48. The system which we have described appears to produce very few successful private Members' bills. However, some bills which are not themselves successful lead to Government legislation;[53] and some of the unsuccessful bills, especially ten-minute rule bills, are envisaged mainly as a vehicle for a short debate rather than as a serious attempt at legislation, a view reinforced by the fact that far from all of them are printed.[54]

49. Similarly, information about how bills are defeated can be misleading. Very few bills are actually defeated in the sense of being negatived at second reading. Most fail because they are either 'talked out' at 2.30 pm on a Friday or are called after that time and are objected to. However, this does not mean that all that is required is more private Members' bill time; many bills are objected to by the Government and it is likely that they would still be opposed if more time were available; if many more bills received a second reading, they might well be talked out at report stage (resulting in more work for standing committees but no greater output). Another point to be borne in mind is that any procedures which made private Members' bills easier to pass could allow the Government to produce more "hand-out" bills; these are usually fairly uncontroversial, but there is the risk that the Government could use private Members' time to pass more contentious bills through the House if this were made easier.

Drafting assistance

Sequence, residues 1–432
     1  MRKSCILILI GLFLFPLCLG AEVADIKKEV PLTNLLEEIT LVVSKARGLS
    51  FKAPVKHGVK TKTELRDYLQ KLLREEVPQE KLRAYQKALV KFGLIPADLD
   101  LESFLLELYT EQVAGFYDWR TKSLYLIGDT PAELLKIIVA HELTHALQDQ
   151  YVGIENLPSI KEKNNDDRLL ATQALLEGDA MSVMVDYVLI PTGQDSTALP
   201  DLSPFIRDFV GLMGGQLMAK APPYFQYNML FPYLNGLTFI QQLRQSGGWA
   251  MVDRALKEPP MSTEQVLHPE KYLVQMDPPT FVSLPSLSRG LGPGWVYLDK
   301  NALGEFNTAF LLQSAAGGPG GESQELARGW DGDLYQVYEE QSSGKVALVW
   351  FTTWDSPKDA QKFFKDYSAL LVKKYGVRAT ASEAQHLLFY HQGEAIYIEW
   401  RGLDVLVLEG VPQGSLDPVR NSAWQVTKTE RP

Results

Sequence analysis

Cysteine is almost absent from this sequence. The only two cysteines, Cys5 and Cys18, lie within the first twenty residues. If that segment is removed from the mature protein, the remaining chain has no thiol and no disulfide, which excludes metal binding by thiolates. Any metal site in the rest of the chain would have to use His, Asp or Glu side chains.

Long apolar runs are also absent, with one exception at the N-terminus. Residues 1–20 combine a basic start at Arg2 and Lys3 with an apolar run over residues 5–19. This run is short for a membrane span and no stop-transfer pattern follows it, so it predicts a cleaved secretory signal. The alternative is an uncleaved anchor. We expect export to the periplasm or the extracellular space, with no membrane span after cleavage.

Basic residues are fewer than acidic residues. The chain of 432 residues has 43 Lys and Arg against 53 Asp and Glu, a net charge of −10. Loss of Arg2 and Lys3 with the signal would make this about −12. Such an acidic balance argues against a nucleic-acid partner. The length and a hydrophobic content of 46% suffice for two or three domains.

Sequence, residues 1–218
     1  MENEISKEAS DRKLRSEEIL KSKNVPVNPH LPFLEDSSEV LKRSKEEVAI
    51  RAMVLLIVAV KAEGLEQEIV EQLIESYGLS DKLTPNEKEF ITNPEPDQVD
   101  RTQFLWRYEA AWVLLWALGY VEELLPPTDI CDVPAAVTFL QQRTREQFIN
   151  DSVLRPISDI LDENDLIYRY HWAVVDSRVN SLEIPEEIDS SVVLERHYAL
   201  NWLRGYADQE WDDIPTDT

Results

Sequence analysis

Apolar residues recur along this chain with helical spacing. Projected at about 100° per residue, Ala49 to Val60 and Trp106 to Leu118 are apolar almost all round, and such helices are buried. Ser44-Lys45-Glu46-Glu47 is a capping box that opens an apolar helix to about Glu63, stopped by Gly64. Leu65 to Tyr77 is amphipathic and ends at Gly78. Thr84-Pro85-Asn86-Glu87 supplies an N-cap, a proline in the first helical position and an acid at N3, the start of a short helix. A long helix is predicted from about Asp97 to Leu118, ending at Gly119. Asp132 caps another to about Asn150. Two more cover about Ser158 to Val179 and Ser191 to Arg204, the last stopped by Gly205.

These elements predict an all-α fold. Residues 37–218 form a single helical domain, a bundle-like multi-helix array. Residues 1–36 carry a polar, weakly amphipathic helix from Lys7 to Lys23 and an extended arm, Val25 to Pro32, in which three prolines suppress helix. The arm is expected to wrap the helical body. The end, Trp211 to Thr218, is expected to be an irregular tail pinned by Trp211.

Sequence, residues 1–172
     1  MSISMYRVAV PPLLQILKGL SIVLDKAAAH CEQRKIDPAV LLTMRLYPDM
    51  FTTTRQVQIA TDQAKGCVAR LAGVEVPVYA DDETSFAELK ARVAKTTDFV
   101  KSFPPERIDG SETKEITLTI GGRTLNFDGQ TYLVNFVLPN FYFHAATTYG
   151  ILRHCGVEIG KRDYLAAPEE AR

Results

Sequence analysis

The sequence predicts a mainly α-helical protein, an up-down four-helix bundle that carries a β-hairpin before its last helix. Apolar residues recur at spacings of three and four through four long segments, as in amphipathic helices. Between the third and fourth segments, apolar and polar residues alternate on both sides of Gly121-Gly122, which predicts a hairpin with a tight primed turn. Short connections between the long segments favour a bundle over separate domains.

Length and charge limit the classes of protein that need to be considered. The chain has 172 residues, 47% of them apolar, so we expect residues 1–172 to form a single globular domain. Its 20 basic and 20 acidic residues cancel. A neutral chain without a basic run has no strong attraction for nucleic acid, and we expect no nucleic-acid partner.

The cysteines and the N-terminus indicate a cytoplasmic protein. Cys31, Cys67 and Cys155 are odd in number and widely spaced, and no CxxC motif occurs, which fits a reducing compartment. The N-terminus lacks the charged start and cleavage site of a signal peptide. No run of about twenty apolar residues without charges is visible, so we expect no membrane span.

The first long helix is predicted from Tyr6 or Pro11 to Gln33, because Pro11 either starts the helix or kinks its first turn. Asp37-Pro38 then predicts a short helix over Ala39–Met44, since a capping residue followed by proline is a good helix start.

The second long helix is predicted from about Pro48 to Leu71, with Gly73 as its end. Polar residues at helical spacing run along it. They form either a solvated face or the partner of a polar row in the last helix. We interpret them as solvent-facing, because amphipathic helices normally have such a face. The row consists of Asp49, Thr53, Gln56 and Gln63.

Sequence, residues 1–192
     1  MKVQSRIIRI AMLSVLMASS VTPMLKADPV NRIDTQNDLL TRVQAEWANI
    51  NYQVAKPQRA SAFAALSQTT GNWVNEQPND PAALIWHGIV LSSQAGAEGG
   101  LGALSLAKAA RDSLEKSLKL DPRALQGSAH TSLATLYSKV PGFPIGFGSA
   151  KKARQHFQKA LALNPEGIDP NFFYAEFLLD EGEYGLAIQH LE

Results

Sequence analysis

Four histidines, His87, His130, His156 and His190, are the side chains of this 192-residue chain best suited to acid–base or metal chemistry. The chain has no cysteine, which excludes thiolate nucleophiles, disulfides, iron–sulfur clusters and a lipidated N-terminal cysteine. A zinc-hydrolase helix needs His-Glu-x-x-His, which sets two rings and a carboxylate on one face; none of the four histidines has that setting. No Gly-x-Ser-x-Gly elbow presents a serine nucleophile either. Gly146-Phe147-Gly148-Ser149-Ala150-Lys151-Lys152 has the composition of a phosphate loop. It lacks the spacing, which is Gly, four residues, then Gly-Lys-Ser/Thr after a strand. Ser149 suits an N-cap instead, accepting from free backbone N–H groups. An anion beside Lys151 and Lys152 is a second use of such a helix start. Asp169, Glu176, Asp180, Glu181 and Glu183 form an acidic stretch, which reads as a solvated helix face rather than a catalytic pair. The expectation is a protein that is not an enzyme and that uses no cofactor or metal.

50. Since 1971, the top ten Members in the ballot can claim up to £200 for drafting assistance with their bills.[55] This figure has not been changed; if it had been uprated,[56] it should be about £1700 now.[57] But even this money would not buy much drafting time, and it is not clear what it would achieve. Many Members receive help from outside bodies with their bills, and the Public Bill Office can also draft a bill which states the Member's proposals sufficiently clearly for a second reading debate.[58] The Government told us that private Members' bills, whatever their origins, frequently require "almost complete rewriting" in committee, and point out that this has a considerable effect on the scarce resource of Parliamentary draftsmen.[59] We therefore do not recommend that the Government should be obliged to provide drafting help before second reading, as work would be wasted for those bills which do not pass this stage;[60] bills which are acceptable in principle do not usually fail because of defective drafting. We do believe, however, that the Government should be ready to provide drafting help for a private Member's bill as soon as it receives a second reading. In addition, to assist Members who wish to employ outside drafting assistance, the £200 grant should be updated and become index-linked.

Government approach to private Members' bills

51. The Leader told us in his written evidence that the Government spends considerable time considering its policy on private Members' bills, and is sometimes hampered in this if there is only a short interval between printing and second reading.[61] Members who wish the Government to support their bills should bear in mind the need to get them printed in good time before second reading.

Carry-over of bills to next session

52. The temporary standing order relating to carry-over, made on 29 October 2002, is not restricted to Government bills, but the necessary motion has to be made by a Minister. Suggestions have been made that private Members' bills should be carried over.[62] However, the Chairman of Ways and Means pointed out that such bills (assuming that they would be given priority) would pre-empt the time available for the ballot bills,[63] and we therefore do not recommend the use of carry-over motions for private Members' bills.